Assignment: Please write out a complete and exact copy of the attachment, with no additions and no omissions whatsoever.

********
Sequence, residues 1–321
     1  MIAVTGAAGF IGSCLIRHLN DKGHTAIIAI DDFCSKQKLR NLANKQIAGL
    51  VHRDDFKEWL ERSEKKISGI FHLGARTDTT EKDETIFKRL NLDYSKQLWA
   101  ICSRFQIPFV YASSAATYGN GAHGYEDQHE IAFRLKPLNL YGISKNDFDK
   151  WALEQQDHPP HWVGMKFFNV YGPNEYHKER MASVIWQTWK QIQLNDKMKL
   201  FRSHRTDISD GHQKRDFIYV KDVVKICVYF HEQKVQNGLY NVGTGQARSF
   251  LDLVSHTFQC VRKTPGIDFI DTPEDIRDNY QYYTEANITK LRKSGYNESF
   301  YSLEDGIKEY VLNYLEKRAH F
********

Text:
Sequence, residues 1–321
     1  MIAVTGAAGF IGSCLIRHLN DKGHTAIIAI DDFCSKQKLR NLANKQIAGL
    51  VHRDDFKEWL ERSEKKISGI FHLGARTDTT EKDETIFKRL NLDYSKQLWA
   101  ICSRFQIPFV YASSAATYGN GAHGYEDQHE IAFRLKPLNL YGISKNDFDK
   151  WALEQQDHPP HWVGMKFFNV YGPNEYHKER MASVIWQTWK QIQLNDKMKL
   201  FRSHRTDISD GHQKRDFIYV KDVVKICVYF HEQKVQNGLY NVGTGQARSF
   251  LDLVSHTFQC VRKTPGIDFI DTPEDIRDNY QYYTEANITK LRKSGYNESF
   301  YSLEDGIKEY VLNYLEKRAH F